Lamphun Tourism and Tourist Places of Interest
Wat Haripunchai Lamphun
- Lamphun was first settled by the Lawa and later the Mon . Lamphun (then called Haripunchai) is thought to have been settled by the Mon in the beginning of the 9th C.
- Lumphun city was the capital of the Mon Haripunchai Empire . The chronicles tell of wars in the 11th C with the Khmers from Lop Buri.
- In the 13th C Khmer power was waning in the region with rebellions in Lower North Thailand at Si Satchanalai, Sukhothai and elsewhere.
- In 1281 the city and the Haripunchai Kingdom were conquered by the Tai Yuan led by King Mangrai.
There Are Five Significant Tourist Places Of Interest In Lamphun, Chiang Mai Province:
- The ancient Mon moat in the typical oval shape
- Wat Phra That Haripunchai. This is the largest Wat in North Thailand and was constructed by the Mon about 1150 (although the remaining buildings date from the 15th C). This is the most significant site in the region
- The National Museum of Lamphun. It has a good collection of Mon sculptures in stucco, bronze, terracotta and bronze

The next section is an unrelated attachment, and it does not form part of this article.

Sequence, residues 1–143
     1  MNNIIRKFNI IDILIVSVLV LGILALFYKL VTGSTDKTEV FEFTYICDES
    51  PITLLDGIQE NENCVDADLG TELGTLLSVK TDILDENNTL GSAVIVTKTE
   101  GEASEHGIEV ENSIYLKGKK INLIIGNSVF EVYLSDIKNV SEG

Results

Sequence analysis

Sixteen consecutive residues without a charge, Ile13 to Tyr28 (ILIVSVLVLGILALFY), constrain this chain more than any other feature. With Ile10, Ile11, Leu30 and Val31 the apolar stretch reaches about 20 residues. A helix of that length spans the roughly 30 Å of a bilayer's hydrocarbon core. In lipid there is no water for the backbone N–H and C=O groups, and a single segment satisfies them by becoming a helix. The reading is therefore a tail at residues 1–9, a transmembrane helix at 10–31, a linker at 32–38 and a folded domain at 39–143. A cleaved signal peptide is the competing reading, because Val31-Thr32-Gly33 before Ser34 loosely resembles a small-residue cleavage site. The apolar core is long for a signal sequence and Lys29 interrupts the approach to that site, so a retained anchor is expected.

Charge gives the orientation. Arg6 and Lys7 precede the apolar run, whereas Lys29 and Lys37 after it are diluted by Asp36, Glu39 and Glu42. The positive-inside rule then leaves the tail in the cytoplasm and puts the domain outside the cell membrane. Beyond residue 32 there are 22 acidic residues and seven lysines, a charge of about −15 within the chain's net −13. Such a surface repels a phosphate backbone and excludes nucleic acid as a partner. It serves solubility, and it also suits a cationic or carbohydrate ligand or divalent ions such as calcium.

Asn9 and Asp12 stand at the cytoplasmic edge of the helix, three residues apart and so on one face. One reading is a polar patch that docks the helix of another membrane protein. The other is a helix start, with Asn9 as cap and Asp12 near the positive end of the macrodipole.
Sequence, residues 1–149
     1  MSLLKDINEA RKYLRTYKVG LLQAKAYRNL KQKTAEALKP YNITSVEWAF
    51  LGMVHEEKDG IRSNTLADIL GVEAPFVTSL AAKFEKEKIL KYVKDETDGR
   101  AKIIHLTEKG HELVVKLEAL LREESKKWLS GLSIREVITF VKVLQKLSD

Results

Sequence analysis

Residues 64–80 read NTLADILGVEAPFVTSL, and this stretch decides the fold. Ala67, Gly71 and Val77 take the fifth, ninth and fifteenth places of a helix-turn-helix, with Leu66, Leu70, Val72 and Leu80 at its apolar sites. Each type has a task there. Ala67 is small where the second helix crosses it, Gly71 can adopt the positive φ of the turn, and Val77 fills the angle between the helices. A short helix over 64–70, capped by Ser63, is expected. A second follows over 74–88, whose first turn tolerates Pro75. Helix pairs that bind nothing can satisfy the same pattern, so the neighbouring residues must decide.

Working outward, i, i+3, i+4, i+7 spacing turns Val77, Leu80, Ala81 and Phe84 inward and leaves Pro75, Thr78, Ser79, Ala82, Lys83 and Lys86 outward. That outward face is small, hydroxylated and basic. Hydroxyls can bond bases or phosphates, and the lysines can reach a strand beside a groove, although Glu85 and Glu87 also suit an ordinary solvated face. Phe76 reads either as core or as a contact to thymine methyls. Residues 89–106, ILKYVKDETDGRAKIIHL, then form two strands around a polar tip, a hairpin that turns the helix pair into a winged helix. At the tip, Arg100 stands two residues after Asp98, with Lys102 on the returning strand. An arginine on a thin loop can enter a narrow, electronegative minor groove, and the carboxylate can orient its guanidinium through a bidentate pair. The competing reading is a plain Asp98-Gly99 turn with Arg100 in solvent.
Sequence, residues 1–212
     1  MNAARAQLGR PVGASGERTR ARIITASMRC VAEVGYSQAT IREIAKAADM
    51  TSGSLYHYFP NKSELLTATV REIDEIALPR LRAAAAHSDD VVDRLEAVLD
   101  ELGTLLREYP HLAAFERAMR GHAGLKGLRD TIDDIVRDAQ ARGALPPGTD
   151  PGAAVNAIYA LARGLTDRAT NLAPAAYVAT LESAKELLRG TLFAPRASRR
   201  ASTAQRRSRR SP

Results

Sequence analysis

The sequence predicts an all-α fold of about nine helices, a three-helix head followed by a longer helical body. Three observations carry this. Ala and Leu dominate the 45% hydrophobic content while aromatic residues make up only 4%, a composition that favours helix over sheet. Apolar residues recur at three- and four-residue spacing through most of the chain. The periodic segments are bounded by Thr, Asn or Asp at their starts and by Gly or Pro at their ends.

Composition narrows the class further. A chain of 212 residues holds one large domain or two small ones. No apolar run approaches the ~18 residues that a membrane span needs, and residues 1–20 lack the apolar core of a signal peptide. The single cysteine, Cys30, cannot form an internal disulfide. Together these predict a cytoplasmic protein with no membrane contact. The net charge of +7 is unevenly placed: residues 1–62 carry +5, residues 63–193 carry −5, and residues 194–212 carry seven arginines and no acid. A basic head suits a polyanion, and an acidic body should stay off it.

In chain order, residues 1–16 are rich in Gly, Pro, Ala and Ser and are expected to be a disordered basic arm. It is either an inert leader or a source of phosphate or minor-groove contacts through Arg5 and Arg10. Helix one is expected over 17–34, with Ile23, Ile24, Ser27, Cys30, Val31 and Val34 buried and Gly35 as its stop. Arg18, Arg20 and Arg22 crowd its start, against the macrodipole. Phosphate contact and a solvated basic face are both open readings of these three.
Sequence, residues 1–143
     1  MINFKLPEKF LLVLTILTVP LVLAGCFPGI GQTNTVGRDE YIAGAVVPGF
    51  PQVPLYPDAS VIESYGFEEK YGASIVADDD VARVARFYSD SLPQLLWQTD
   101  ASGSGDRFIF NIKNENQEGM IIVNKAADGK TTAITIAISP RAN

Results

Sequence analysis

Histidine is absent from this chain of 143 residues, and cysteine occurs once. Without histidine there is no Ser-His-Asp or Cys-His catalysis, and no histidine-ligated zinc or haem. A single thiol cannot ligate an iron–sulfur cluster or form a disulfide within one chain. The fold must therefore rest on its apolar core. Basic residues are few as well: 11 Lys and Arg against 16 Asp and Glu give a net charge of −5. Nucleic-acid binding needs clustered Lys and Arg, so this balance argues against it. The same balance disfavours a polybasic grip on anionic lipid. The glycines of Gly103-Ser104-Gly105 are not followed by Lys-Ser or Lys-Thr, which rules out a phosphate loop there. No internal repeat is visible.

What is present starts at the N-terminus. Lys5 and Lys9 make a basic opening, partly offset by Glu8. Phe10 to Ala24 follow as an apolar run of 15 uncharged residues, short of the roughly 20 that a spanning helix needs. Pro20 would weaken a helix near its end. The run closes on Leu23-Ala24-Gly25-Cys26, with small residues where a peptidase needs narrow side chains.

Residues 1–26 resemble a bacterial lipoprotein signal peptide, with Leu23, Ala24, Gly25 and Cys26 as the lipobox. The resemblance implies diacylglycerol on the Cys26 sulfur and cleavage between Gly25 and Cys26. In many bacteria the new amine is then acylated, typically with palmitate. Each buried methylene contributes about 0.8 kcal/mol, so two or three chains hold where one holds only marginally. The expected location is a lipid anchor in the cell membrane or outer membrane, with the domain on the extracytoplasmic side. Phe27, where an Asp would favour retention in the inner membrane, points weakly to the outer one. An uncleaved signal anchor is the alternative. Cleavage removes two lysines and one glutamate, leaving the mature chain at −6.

- Wat Ku Kut. It contains the Mahapol Chedi built in 1150 and which is the finest example of Dvaravati architecture. This and the smaller 13th C chedi are made of brick and contain niches in which stand stucco made statues of Buddha in typical Mon style. These have broad heads and facial features not typically Thai as we understand today and Indian (Pala) influences of appearance which perhaps came from Pagan in nearby Burma
- Ku Chang or elephant shrine which is understood to be the burial place of the Mon Queen, Chamathewi's war elephant which saved the city from the Lawa by crushing the Lawa chief against the city wall
- Wat Phra Yeun. This was built in 1370 on a site on which was an 11th C Buddha.
Wat Haripunchai Lamphun
Wat Haripunchai at Lamphun
- In addition to an impressive but modern viharn, built in 1925 and housing the important Phra Chao Thongtip Buddha image, the temple complex also includes the unusual stepped-pyramid Suwanna Chedi, dating from 1467, one of very few surviving example of Dvaravati architecture. Nearby hangs a giant bronze gong, claimed to be the largest in the world. By any standards, Wat Phra That Haripunchai is a remarkable structure, to be treasured like Kipling's "winking wonder", the Shwedagon Pagoda in Rangoon, not only by the Thais, but by humanity in general.
- As in any tour of ancient Thailand, the visitor faces the possibility of "temple fatigue" after all, neighbouring Chiang Mai boasts 121 temples within the city limits, and many more beyond. Even so, at least one more Lamphun temple is essential viewing, and in its own way it is as important as Wat Phra That Haripunchai. This is Wat Chamadevi, better known locally as Wat Ku Kut. Named after Lamphun's founder and most famous ruler, this temple lies on the western side of town, about one-and-a-half kilometres from the moats down the road to Sanpathong Village.